Simone’s Signet Ring Cell Cancer Foundation

We will work until we FIND A CURE!

On September 19, 2020 we held our annual golf outing.  A great time was had by all.  A huge THANK YOU to all of the golfers, everyone who donated. Volunteers, and all of our hole sponsors.  We reached our first goal, We have now given UH in Cleveland $100,000.00 toward Signet Ring Cell Cancer of the Colon

Please read the letters we received from the President of University Hospital and Dr. Sanford Markowitz

Learn More About Signet Cancer

Primary signet ring cell carcinoma of the colon and rectum (PSRCCR) is rare, with a reported incidence of less than 1 percent. It has a poor prognosis because symptoms often develop late and it is usually diagnosed at an advanced stage. Five-year survival rates in previous studies ranged from nine to 30 percent.

Learn More About Signet Cancer

Primary signet ring cell carcinoma of the colon and rectum (PSRCCR) is rare, with a reported incidence of less than 1 percent. It has a poor prognosis because symptoms often develop late and it is usually diagnosed at an advanced stage. Five-year survival rates in previous studies ranged from nine to 30 percent.

Michael’s Story – 9/90 – 1/18

Learn Michael's Story

Michael was born and raised in Toledo, Ohio and enjoyed the same things most boys do growing up. He was active in sports, enjoyed spending time with his family and worked at the family business. Michael attended St. Francis De Sales High School where he played varsity hockey for three years. He went on to attend Bowling Green State University where he also played club hockey.

After college Michael worked at the family business until he found a fantastic job in Columbus as a medical recruiter at Medical Staffing Options. He moved to Columbus and flourished at work, being awarded out of state recruiter of the year in 2016 (while undergoing chemotherapy) and being promoted to senior recruiter late 2017. Michael made many lasting friendships and despite being a die-hard Spartan fan, loved Columbus.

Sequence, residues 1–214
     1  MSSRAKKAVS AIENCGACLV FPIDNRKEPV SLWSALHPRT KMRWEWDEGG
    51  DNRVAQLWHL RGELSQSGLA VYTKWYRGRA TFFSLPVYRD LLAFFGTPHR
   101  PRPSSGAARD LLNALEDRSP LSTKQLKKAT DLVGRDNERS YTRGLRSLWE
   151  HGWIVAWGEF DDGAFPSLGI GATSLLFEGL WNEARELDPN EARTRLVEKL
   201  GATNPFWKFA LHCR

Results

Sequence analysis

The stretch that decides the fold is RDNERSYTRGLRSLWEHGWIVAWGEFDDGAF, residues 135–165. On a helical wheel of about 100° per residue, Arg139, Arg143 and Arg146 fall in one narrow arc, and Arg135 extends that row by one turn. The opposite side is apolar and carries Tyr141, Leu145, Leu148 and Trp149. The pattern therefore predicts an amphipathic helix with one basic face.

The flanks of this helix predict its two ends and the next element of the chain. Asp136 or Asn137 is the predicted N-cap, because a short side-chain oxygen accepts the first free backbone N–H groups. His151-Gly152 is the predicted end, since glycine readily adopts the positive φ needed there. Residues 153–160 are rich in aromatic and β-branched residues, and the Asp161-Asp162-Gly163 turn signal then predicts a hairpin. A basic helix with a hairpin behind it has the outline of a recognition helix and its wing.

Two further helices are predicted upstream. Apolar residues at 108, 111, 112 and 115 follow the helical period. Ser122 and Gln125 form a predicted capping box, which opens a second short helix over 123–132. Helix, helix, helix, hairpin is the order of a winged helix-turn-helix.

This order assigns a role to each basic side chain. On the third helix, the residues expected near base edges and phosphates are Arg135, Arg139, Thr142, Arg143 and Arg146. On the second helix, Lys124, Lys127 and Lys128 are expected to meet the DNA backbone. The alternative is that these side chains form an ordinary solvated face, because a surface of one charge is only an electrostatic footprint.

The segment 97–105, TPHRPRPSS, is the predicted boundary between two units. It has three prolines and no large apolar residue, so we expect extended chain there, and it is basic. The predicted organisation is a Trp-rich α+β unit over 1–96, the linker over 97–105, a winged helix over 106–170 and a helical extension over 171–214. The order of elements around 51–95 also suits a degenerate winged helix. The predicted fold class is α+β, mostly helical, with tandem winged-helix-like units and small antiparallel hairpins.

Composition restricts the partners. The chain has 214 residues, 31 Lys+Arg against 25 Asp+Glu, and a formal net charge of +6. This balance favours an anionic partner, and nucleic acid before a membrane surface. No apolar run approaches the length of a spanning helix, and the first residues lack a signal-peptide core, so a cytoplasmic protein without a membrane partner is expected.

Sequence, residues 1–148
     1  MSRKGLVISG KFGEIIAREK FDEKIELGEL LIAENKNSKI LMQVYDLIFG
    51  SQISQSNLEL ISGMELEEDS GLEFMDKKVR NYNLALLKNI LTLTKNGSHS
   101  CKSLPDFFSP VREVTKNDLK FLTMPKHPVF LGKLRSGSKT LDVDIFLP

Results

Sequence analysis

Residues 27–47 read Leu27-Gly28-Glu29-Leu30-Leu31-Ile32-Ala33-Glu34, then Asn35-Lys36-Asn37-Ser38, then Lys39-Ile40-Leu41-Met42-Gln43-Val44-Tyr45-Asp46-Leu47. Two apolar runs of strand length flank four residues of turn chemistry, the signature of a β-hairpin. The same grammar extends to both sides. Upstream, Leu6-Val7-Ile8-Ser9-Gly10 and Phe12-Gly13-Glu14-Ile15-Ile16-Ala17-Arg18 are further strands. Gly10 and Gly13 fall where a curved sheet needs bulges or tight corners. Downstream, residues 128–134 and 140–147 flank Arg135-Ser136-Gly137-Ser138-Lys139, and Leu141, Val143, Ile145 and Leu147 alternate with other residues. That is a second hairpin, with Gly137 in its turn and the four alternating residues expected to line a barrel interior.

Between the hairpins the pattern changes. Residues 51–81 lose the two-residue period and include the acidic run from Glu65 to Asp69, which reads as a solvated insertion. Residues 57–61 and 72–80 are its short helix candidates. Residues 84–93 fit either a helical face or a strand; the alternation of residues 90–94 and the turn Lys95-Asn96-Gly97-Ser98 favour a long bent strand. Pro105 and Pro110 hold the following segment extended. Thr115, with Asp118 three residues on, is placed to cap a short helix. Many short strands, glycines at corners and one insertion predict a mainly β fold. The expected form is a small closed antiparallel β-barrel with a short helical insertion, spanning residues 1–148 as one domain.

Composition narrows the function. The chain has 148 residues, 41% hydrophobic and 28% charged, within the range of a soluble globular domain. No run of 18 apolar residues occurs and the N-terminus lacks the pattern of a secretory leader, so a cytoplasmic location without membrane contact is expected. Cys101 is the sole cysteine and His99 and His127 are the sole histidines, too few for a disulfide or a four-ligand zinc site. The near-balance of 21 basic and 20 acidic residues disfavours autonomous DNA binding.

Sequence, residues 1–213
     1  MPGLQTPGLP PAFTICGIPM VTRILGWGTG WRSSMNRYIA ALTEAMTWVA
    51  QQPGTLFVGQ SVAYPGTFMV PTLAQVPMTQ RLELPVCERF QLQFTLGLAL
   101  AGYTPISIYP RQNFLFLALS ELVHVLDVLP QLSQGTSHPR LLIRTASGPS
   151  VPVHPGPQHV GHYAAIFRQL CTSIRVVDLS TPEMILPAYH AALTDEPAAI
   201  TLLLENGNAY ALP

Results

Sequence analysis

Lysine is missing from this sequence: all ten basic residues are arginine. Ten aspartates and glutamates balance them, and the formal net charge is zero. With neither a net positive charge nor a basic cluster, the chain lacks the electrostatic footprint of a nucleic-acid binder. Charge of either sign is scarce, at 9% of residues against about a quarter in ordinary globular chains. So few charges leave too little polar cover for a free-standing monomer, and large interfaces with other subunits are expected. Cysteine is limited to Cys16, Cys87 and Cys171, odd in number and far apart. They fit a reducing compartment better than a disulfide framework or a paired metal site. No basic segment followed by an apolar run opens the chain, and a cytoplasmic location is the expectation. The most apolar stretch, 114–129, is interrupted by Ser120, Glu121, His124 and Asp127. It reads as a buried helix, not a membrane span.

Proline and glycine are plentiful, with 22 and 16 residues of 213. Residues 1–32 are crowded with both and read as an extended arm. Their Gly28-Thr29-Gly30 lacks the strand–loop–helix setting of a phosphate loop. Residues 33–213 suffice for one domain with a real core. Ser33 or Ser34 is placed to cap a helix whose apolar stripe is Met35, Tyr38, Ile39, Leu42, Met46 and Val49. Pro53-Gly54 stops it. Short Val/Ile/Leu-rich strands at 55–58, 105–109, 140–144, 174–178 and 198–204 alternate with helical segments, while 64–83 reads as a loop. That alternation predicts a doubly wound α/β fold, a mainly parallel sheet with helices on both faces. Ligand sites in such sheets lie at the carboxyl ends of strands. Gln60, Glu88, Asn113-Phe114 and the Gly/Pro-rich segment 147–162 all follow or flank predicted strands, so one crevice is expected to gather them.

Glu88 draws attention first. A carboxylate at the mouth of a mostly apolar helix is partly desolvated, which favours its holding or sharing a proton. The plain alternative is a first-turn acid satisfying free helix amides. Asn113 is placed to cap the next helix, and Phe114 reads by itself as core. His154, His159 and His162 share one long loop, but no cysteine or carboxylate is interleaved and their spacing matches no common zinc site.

In April 2016, Michael came home to participate in the annual Bowling Green Alumni hockey game. Unfortunately, he was unable to play in this game. Instead, Michael went to Flower Hospital in Sylvania, Ohio, and underwent emergency surgery for what was thought to be an intestinal blockage. However, after surgery he was diagnosed with Signet Ring Cell Cancer of the colon.

During surgery, doctors removed a tumor, two feet of his large intestine, and ten inches of his small intestine—in addition to his appendix and 33 lymph nodes, seven of which were cancerous. After receiving several second opinions and speaking with countless doctors about options for treatment, Michael was given a 75 percent chance of survival with chemotherapy. He went through 12 grueling sessions of FOLFOX chemotherapy over the course of six months, during which he never missed a day of work and even received awards for his accomplishments. Every CT scan, colonoscopy, and blood work came back normal. He looked to be the exception to this rare form of cancer.

That all changed on December 31, 2017. Michael was admitted in The James Cancer Center Hospital in Columbus, Ohio with stomach pains. The doctors thought he had a bowel obstruction due to irritated scar tissue from his first surgery that would cure itself with liquid diet and hospital rest. Fifteen days later, the irritation had not subsided, and doctors decided to operate.

Once in surgery, doctors discovered every square inch of Michael’s abdomen was covered in small tumors (carcinomatosis). The tumors on the exterior of his organs were so powerful they were creating a bowel obstruction by twisting his intestines. His cancer had returned—and this time there were no options for a cure. Michael was released from the hospital on January 19, 2018 and came back to his childhood home, in Toledo. He died one week later on January 26, 2018, surrounded by family.

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